ATI's Multi-GPU Solution: CrossFireby Anand Lal Shimpi & Derek Wilson on May 30, 2005 9:00 PM EST
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ATI's Answer to SLI: CrossFire (The Card)ATI does not have dedicated silicon on their GPUs for chip-to-chip communications as NVIDIA does. ATI bills this as a positive aspect of their solution, as their CrossFire solution is capable of running cards with two different (and even different speed) GPUs. NVIDIA's SLI solution is restricted to running on not only the same model of card, but cards with the same video BIOS. Timing is crucial when hooking the two GPUs together for SLI. In fact, an out-of-spec SLI bridge can even cause problems. We will only be able to see which solution performs better when we get hardware in our hands, but if all things are equal, ATI will have the advantage here.
In order to make up for their lack of a chip-to-chip interconnect, ATI includes a Compositing Engine chip on their CrossFire card. Because of this, the CrossFire card can be paired with any Radeon X800 or X850 (there will be a CrossFire card for each flavor). The driver controls clock speeds of each card automatically and manages synchronization as necessary. Synchronizing boards can be done on a general scale and doesn't need to be clock for clock. All CrossFire cards have 16 pixel pipelines, but disable 4 pipelines when running in tandem with a 12 pipe Radeon. This is what allows ATI to provide a limited number of CrossFire cards to work with multiple Radeons. Each card does need its own x16 PCI Express slot, and the boards communicate through an external cable.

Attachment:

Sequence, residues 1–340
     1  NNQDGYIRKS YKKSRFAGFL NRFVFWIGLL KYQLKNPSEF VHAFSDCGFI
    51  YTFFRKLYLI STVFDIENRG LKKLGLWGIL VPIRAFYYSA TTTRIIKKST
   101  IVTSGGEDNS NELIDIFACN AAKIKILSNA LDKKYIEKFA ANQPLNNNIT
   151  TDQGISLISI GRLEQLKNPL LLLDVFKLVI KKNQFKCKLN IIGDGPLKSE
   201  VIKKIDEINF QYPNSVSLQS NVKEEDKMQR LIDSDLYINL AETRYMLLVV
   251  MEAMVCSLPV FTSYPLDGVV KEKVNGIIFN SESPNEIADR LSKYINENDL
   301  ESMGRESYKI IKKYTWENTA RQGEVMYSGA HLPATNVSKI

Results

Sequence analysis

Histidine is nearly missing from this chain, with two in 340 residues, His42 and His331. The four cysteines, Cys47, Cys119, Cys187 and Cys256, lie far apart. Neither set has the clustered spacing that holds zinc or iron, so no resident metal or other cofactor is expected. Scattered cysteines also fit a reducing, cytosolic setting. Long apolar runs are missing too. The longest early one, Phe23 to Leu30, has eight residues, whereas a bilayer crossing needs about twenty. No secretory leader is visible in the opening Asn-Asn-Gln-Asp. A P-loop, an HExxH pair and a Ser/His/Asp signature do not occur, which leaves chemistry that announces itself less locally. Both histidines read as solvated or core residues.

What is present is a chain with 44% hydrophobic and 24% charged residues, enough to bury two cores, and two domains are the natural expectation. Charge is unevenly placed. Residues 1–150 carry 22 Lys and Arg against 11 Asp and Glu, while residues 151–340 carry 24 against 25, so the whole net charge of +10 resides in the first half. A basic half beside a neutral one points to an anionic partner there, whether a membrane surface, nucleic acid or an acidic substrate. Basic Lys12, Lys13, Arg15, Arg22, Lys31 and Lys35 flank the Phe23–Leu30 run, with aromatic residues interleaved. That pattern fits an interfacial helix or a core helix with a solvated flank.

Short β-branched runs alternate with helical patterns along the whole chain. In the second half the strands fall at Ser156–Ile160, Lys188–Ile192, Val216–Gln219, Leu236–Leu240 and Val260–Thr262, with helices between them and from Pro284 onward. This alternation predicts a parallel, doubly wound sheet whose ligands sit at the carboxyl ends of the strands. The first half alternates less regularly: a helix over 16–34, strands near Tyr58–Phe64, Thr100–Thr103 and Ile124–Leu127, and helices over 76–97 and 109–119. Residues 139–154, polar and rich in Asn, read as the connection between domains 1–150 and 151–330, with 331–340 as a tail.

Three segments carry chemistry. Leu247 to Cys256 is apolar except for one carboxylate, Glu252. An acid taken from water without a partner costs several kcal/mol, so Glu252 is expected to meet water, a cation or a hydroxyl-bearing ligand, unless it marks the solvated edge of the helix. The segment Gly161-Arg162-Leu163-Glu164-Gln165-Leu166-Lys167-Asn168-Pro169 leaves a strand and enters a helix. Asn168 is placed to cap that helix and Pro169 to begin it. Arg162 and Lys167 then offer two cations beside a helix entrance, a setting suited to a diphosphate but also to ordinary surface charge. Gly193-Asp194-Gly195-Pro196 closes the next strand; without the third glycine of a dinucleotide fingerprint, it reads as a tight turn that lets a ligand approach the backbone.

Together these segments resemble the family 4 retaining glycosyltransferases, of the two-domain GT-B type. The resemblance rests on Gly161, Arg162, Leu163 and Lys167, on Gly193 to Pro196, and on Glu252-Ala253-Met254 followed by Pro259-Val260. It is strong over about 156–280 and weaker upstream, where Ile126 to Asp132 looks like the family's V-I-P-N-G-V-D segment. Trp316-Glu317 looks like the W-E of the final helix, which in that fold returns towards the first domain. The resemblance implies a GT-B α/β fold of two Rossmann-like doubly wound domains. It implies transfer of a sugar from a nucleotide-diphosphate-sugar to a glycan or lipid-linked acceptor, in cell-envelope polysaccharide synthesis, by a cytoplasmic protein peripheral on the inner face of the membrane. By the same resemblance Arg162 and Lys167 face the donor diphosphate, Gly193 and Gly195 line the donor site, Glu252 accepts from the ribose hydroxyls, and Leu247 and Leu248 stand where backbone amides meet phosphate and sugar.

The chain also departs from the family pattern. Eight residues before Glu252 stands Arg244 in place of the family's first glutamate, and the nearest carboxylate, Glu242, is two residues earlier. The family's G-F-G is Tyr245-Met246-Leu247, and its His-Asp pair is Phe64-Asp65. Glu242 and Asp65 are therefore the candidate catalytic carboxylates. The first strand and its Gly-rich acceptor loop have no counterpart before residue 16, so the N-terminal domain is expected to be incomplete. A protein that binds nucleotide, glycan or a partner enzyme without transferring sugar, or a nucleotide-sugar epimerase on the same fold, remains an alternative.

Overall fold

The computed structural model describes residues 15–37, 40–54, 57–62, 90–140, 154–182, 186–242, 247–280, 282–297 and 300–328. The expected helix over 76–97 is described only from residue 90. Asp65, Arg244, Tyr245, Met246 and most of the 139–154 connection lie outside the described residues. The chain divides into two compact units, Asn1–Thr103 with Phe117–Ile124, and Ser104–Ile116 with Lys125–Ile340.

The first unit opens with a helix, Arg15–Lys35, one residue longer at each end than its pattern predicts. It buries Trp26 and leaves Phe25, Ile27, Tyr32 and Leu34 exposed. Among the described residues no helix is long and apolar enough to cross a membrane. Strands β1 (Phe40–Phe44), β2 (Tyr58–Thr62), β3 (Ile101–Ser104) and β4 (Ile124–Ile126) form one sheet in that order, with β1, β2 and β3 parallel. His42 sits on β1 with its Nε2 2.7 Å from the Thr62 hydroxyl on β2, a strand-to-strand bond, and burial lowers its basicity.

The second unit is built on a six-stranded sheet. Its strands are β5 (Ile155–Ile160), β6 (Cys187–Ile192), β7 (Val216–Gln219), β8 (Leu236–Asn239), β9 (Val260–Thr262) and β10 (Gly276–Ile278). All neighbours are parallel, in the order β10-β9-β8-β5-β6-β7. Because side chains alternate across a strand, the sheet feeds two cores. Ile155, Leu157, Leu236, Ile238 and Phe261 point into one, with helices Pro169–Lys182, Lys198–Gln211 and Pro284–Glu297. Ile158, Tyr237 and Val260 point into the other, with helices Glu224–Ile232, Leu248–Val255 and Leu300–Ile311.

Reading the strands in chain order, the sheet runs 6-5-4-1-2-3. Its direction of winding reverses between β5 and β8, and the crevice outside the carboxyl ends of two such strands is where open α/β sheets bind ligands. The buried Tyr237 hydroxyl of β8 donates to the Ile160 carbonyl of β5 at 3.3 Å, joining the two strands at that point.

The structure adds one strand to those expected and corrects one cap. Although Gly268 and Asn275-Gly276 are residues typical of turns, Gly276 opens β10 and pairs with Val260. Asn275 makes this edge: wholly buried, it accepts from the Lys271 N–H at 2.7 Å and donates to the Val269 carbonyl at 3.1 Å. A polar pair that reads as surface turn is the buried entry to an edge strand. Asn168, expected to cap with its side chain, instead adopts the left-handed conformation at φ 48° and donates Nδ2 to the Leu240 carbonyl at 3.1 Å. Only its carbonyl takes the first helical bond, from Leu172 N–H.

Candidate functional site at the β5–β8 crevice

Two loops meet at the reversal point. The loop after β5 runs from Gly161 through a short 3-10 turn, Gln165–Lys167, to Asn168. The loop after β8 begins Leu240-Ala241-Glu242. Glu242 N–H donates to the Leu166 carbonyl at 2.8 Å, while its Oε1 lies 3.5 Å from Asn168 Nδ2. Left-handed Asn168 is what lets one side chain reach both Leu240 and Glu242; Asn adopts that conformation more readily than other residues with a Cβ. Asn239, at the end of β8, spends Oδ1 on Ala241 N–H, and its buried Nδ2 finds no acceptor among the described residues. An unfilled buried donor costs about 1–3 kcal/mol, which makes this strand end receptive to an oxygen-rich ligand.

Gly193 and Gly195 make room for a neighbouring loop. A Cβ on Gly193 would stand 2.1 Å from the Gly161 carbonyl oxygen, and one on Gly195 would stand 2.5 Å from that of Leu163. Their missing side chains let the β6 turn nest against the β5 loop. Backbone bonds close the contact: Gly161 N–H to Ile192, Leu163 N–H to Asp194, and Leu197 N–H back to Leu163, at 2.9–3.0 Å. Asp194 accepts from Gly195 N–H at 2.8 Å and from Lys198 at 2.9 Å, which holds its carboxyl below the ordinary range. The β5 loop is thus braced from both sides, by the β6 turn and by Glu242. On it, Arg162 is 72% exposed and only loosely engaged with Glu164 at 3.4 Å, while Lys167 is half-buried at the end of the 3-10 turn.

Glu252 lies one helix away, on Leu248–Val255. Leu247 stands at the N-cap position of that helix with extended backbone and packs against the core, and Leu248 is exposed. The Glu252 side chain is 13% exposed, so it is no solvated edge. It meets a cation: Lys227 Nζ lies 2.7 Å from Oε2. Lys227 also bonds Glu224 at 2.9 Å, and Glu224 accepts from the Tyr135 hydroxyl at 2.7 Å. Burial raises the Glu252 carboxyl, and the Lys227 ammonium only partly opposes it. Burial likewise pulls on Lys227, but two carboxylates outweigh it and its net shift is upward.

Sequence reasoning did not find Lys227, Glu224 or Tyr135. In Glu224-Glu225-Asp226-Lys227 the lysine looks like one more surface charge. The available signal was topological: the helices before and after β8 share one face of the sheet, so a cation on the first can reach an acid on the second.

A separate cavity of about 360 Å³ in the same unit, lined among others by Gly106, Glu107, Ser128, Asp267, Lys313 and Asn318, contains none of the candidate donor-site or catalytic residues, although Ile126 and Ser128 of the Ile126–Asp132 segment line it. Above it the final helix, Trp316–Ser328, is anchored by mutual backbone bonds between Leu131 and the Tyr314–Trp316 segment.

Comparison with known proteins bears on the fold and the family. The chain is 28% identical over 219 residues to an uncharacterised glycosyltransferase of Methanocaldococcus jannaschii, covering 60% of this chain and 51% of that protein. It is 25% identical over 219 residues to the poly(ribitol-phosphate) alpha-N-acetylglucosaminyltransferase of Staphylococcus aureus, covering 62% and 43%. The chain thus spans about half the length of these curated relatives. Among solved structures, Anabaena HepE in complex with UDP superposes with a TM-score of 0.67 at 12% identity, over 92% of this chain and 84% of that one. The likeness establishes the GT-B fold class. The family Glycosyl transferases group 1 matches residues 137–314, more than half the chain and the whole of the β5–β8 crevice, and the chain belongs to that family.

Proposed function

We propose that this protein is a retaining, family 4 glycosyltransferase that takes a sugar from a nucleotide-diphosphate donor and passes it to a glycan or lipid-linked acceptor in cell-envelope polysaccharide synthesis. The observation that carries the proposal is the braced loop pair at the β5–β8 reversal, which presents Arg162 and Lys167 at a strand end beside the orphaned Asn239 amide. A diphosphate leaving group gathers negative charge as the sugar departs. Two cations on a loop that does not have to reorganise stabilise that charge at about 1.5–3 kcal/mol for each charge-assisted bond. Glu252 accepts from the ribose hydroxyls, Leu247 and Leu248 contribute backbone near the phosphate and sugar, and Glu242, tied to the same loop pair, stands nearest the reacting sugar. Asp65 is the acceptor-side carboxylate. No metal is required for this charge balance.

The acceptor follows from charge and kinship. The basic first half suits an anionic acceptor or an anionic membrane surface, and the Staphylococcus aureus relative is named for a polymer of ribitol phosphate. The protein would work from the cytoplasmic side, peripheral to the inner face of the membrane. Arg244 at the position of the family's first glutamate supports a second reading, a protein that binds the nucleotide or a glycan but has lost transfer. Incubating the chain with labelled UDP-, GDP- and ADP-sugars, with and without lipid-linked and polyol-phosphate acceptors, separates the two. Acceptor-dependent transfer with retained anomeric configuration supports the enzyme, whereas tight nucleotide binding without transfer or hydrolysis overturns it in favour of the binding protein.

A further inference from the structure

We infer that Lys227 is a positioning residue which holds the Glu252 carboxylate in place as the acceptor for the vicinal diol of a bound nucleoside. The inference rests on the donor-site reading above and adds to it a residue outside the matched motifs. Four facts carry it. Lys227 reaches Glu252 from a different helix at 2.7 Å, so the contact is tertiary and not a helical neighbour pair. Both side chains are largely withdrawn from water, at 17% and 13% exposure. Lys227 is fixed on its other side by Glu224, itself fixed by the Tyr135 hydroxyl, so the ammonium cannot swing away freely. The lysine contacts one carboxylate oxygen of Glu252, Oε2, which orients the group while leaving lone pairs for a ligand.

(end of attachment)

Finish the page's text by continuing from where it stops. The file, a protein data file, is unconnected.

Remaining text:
This may look more like the older 3dfx SLI solution, but in reality, the Radeon X800 or X850 sends its data digitally from the DVI output to the input on the CrossFire card, which then handles the data and forwards the final frame to the display device. Under alternate frame rendering (AFR), the data is simply sent on unchanged, but the Compositing Engine handles the combination of a split or supertiled frame, as well as the final rendering of ATI's super AA modes (more on these later).
In order to function properly, the standard and CrossFire cards share some system RAM. This allows each card access to all necessary data that doesn't need to be unique for each frame. ATI's driver handles splitting the workload and configuring a unique command queue for each card based on the application and the rendering mode selected. Rendering modes are not user selectable, and are predetermined through Catalyst AI. Each card also has access to its own system memory as usual.